Seminar for Student Activists

Seminar for Student Activists, Givat Haviva, April 7-8, 2006
The seminar was an initiative of students and coordinators from Mahapach to create a political, ideological platform of civic engagement, for learning about and expanding on different social issues, for considering new horizons of student action, and for establishing ties between various student groups. The seminar was coordinated by Shemi from Mahapach's state-wide team, aided by Itai (Florentine coordinator) and Shirley (former coordinator and “granny” at present). The seminar was led in practice by students from all Mahapach communities, some of which took part in the team that designed the program.
A total of sixty-three students participated in the seminar, most of them from Mahapach, but also from other organizations and associations (Green Action, Green Course, Commitment to Peace and Social Justice, Women’s Coalition for Just Peace, New Profile, CEGAS - The Committee for Educational Guidance for Arab Students) as well as other students who are not formally members of any organization.
Seminar structure:
The seminar opened with a getting acquainted session in which the seminar objectives, its preparation process, its structure, and so forth were laid out.
The seminar was composed of five sessions that were dedicated to various workshops conducted simultaneously (3 to 4 parallel workshops at each time) - three sessions on Friday and two on Saturday.
Workshops implemented:
Multi-culturalism -
Itai Meshel and Schachar Agami
Urban planning
Badria Biromi-Kandaleft, Director, Link to the Environment
Is socialism good for the weakened classes? -
Alon (Florentine)
Internet as a tool for protest and social change -
Shirley Caravani
Militarism in education - Denia, New Profile, Kiryat Yovel
The separation fence - Ya’ar (Katamonim) - an interactive workshop with films, simulations, conversations and representations
Women trafficking  - Yul (Florentine)
Palestinian-Jewish dialogue- Amani (Tamra) and Yona (Florentine)
Learning disabilities - an inside look, Hila (Kiryat Shmona)
A space for Palestinian students -identity and belonging
The Wisconsin Plan and the struggle against it -
Ronit Shimoni, Ashkelon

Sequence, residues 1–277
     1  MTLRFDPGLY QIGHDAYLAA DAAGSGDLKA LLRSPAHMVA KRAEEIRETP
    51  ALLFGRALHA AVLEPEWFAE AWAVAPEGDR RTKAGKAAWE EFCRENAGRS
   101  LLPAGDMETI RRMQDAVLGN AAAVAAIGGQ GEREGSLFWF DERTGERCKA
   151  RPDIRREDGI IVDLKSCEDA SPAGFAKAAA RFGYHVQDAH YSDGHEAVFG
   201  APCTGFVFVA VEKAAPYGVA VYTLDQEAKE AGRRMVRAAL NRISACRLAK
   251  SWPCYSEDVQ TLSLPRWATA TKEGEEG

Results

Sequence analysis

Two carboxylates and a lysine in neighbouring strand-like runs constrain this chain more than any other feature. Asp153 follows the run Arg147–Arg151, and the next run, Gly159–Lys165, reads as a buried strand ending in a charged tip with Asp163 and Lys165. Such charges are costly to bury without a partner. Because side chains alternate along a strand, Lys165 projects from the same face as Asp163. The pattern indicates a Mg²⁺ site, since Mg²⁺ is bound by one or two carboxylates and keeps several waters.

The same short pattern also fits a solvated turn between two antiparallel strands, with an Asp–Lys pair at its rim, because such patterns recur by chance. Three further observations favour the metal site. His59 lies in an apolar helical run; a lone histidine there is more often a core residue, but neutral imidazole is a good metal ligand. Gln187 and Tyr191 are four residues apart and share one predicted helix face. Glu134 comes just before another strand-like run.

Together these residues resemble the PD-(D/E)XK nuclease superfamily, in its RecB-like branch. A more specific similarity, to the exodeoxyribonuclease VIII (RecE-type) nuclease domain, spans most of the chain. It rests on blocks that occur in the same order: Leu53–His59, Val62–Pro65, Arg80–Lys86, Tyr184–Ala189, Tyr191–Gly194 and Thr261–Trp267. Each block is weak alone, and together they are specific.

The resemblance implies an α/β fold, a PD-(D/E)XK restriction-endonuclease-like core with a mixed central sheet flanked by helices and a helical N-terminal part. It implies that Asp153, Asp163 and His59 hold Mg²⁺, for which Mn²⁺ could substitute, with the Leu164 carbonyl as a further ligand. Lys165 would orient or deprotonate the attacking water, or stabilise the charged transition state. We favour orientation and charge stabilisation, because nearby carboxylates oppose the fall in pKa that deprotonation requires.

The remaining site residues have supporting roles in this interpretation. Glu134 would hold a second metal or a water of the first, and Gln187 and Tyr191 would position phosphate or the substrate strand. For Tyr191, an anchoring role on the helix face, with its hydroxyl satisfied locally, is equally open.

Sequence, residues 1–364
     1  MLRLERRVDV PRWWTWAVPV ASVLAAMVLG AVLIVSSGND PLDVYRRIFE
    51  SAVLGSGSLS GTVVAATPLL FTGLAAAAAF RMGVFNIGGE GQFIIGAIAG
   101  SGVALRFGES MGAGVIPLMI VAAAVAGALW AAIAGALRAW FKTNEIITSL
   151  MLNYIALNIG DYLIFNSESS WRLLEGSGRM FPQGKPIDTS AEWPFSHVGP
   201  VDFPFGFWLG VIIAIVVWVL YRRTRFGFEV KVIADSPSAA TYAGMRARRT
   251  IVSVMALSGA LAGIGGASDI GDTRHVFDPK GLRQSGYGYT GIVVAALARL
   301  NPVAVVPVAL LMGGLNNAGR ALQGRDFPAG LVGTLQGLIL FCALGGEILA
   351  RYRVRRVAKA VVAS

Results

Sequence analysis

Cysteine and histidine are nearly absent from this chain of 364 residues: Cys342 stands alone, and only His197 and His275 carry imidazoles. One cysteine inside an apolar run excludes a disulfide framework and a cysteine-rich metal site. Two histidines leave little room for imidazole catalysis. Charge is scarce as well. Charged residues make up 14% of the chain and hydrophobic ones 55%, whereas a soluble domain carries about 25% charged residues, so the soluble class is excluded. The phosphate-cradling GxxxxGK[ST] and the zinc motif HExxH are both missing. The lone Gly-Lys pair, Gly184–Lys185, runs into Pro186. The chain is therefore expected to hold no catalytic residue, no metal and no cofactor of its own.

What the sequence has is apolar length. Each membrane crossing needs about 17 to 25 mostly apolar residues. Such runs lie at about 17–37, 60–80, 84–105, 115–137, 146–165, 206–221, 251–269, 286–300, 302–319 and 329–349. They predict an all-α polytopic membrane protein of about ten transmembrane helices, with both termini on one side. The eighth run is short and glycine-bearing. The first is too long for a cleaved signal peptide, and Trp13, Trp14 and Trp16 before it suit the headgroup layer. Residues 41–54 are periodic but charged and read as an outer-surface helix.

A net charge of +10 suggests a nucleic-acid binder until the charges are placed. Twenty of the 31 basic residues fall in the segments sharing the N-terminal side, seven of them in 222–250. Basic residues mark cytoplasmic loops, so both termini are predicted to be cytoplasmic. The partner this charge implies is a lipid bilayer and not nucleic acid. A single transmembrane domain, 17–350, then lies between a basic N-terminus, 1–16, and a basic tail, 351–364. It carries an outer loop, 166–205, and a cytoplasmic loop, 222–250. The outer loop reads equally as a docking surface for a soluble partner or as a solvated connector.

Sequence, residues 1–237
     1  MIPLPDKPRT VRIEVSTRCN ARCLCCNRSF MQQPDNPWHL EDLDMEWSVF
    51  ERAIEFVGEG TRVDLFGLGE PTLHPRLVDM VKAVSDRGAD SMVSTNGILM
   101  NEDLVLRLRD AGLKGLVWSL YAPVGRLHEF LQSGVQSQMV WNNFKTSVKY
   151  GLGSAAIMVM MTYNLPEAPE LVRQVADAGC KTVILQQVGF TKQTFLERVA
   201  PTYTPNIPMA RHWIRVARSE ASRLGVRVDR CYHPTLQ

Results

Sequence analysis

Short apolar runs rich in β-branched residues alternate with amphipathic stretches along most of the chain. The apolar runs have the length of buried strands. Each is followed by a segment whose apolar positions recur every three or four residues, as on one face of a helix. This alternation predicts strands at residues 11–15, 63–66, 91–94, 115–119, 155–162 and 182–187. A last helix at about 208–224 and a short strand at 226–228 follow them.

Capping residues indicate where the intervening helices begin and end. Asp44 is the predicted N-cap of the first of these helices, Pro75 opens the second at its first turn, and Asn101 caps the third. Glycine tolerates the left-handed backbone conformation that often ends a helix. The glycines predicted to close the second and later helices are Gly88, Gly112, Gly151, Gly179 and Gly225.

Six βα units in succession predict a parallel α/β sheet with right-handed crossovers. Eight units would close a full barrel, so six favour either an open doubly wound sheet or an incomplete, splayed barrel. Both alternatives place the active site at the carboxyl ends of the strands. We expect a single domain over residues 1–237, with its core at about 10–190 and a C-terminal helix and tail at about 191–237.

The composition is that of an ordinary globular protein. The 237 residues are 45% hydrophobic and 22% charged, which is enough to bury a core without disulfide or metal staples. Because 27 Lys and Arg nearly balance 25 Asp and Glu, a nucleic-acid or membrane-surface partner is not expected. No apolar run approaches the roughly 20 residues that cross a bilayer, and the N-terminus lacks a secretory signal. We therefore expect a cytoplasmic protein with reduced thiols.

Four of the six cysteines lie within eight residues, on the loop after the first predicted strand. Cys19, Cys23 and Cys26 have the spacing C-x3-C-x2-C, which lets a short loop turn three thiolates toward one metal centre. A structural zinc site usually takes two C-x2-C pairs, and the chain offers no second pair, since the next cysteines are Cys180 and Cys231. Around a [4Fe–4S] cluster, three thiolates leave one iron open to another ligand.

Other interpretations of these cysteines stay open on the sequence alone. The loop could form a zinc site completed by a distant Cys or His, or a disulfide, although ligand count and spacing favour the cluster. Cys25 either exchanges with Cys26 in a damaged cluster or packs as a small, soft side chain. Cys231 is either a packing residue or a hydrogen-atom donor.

Do social organizations make an impact and how?
Naomi and Doron (Kiryat Yovel)
The relation between civil society organizations and party politics, and our place in this story?
Educational methods
- Abir (Yafia), Maha (Tamra)
Civilian activities, direct, non-violent actions and the struggle against the separationfence in Bilin - Muhamed Hatib, member of theBilin Popular Committee.
Did not take place due to the closure
Education and poverty -
Amir and Yaron (Florentine)
Schools in the neighborhoods, tracking, and the connection of economics and education
The mentally ill - Yafit and Adi (Florentine)
Teenagers and learning -
Ariel (Katamonim) and Ofri (Kiryat Yovel)
The Law of Return Vs. The Right of Return -
Nihad Boquai (Badil) -
Resource Center for Palestinian Residency and Refugee Rights, Bethlehem
Gynecology without gynecologists -
Shani (Katamonim)
Identity and status - mapping where we are in this story and discussion -
Yonni and Moshe -Mahapach grannies
The workshops surfaced a great amount of knowledge and issues of injustice and various struggles against them (the fence, militarism, education, feminism, space, Wisconsin, etc.), and generated different reactions among the students. Towards the end of the seminar we conducted four workshops on these subjects, which were future-oriented and focused on the question - what do we do next? How do we continue from this seminar onwards?
The following is a summary of these workshops:
Summary sessions - workshops that produced new projects:
  1. Wisconsin Plan group: